His hugely impressive life of Cromwell ... employs...sources with an immensely painstaking concern to reconstruct the exact order in which events occurred and to ascertain who was where at any given time. He is also able to draw upon an abundance of scholarly writing on the period, much of it of very high quality ... Although his own writing is lucid, witty, and acerbic, MacCulloch’s extremely detailed book—with its careful argumentation, its large cast, and its intricate reconstruction of the networks, connections, and affinities at the court of Henry VIII—makes heavy demands on the reader’s memory and powers of concentration. MacCulloch knows his characters intimately ... But unlike a novelist, he cannot make things up when the evidence is not there. As a result, his narrative abounds in fascinating probabilities, most of them highly plausible but none of them certain. All too often he has to use words like 'maybe' or 'likely' or 'possibly' or 'perhaps.' He does, however, dispel much of the mystery that previously surrounded Cromwell’s early life ... it is hard to imagine that Thomas Cromwell: A Revolutionary Life, based on research spread over several decades, will ever be replaced.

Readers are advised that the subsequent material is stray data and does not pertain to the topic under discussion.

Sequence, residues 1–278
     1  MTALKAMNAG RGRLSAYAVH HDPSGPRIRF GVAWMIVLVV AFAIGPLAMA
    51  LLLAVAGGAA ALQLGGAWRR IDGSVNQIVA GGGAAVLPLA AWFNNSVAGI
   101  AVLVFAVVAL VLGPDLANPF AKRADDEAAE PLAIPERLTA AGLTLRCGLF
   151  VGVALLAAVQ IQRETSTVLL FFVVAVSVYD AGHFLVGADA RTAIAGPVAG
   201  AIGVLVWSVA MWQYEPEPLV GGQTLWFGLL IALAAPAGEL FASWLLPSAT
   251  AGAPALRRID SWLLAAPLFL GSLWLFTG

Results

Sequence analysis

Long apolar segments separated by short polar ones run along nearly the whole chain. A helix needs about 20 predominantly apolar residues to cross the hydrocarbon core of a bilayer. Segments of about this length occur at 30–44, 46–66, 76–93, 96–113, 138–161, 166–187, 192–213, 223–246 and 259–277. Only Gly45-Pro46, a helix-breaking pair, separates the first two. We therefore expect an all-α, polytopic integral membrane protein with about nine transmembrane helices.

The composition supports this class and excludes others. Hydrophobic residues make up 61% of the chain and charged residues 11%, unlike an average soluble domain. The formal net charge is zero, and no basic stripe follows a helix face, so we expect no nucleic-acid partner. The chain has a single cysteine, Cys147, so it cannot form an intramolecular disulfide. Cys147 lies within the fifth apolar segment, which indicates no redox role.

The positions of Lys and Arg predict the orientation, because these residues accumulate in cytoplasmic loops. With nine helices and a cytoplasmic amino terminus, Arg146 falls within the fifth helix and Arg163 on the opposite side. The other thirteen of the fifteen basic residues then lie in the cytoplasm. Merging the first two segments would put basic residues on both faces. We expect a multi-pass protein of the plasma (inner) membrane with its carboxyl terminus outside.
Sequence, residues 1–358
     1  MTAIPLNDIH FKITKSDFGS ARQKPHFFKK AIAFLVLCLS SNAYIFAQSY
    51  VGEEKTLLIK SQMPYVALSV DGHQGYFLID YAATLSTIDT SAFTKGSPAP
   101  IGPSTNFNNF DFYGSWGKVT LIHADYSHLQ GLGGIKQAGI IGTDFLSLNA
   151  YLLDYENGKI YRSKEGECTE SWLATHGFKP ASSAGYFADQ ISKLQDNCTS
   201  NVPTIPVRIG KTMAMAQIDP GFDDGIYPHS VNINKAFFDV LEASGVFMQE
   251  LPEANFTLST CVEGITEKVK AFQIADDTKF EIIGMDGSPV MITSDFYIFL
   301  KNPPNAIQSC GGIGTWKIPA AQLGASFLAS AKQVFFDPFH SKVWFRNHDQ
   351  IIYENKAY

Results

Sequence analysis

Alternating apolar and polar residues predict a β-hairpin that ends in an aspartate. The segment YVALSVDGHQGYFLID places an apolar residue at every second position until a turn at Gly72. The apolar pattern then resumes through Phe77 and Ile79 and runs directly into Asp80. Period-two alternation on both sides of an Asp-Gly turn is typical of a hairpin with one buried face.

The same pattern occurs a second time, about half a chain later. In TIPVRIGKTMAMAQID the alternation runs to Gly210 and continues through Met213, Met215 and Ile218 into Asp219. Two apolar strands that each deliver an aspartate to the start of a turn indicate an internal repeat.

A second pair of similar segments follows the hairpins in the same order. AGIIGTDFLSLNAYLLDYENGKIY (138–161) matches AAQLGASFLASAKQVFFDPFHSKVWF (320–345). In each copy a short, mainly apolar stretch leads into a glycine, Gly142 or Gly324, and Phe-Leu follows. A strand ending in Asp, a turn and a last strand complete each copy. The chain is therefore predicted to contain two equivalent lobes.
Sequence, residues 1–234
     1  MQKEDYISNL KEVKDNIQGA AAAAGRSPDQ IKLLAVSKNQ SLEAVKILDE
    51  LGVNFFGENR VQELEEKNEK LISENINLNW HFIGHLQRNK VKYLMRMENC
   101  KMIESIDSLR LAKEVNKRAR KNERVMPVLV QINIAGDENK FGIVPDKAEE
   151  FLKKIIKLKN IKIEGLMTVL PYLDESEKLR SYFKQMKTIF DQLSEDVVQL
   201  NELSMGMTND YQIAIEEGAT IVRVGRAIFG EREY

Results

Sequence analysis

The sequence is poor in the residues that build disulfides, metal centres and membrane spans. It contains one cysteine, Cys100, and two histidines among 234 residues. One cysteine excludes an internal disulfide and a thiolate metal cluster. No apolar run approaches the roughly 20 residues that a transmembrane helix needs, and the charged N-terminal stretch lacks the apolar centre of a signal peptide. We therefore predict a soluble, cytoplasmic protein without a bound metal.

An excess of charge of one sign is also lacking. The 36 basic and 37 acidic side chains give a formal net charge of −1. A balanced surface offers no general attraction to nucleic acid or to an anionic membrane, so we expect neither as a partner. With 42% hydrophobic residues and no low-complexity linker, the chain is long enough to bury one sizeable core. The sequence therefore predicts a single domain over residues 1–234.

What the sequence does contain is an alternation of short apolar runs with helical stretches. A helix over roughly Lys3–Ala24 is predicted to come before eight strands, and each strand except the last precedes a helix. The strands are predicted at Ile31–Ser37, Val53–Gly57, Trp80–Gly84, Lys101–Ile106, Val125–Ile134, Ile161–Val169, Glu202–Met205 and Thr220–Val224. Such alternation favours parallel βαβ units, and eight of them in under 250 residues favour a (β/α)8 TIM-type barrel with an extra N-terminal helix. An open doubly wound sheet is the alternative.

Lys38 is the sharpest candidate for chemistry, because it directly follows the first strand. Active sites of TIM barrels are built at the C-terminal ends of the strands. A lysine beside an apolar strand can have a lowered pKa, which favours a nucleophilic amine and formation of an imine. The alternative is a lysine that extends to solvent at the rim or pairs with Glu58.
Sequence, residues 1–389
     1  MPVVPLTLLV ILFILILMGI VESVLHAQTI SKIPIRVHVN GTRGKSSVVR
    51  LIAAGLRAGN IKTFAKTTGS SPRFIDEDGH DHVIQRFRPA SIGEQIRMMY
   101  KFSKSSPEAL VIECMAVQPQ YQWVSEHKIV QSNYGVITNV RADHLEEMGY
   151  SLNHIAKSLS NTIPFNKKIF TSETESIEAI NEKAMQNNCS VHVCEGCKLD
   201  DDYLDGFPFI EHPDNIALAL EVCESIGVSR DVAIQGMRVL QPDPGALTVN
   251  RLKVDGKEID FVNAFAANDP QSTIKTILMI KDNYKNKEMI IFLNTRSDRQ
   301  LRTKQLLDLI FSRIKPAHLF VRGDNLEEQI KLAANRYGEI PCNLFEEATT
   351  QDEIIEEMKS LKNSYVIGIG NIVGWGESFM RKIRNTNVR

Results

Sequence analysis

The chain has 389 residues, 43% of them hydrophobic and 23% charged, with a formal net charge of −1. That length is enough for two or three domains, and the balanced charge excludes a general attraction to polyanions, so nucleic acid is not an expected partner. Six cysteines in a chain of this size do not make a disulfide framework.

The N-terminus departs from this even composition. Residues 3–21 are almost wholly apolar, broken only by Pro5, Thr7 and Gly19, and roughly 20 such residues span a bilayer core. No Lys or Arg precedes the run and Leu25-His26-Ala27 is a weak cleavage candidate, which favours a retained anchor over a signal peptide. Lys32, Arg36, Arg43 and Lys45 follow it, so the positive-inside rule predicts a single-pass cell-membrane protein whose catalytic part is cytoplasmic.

A masterpiece of documentary detective-work, which buzzes with the excitement of a great historian immersed in archives, interrogating not only the thousands of papers Cromwell left behind, but also the gaps left by a (presumed) shredding of evidence as Cromwell’s partisans sought to save him from the king’s wrath at the end ... acute, elegant and devastating.
A major work of scholarship of the type that will reset academic understanding of Tudor politics for a generation...MacCulloch’s dry donnish humour lifts each page...part of MacCulloch’s skill is to introduce even the general reader to the thrill of a historian’s process.